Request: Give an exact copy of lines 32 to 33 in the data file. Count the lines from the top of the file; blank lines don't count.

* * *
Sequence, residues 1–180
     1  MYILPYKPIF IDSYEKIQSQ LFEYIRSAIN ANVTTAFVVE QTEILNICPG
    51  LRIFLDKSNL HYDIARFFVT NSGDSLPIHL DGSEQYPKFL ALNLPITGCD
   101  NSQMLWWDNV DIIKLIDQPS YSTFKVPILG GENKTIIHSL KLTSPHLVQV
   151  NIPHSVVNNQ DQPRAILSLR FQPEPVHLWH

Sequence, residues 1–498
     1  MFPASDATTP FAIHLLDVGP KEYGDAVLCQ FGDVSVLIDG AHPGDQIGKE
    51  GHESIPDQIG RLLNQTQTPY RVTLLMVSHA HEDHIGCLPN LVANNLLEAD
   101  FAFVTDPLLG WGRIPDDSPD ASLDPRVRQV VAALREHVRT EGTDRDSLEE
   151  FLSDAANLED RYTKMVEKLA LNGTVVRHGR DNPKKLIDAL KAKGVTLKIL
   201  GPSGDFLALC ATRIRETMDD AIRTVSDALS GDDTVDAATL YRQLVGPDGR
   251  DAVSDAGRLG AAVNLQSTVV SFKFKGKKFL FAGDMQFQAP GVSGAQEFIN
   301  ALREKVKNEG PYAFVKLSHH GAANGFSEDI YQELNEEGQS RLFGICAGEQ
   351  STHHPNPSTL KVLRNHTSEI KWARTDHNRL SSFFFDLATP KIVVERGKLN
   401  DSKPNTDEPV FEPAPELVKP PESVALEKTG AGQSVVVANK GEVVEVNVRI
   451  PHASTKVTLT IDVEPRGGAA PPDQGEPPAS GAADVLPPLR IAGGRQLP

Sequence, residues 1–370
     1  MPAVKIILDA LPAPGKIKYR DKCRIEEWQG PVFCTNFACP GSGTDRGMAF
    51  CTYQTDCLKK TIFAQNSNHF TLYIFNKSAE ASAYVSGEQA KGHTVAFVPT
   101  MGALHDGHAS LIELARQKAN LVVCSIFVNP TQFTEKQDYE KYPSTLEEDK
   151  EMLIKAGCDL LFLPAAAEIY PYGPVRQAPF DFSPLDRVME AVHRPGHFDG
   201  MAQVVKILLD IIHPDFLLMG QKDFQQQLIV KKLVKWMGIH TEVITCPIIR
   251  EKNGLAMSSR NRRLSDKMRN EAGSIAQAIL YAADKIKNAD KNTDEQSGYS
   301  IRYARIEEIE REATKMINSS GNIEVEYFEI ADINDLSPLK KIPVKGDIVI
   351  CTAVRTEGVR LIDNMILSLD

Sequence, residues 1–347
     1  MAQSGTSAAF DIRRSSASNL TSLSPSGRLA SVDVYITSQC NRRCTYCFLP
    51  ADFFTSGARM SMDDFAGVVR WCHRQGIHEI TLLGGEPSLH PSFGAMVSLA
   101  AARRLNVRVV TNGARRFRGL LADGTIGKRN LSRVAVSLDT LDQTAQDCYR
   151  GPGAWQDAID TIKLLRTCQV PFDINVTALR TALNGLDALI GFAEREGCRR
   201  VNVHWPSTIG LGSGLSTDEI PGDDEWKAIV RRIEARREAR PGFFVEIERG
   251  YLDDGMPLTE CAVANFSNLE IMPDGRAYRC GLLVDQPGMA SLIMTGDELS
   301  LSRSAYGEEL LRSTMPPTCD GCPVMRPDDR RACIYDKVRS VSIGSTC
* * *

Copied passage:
   251  YLDDGMPLTE CAVANFSNLE IMPDGRAYRC GLLVDQPGMA SLIMTGDELS
   301  LSRSAYGEEL LRSTMPPTCD GCPVMRPDDR RACIYDKVRS VSIGSTC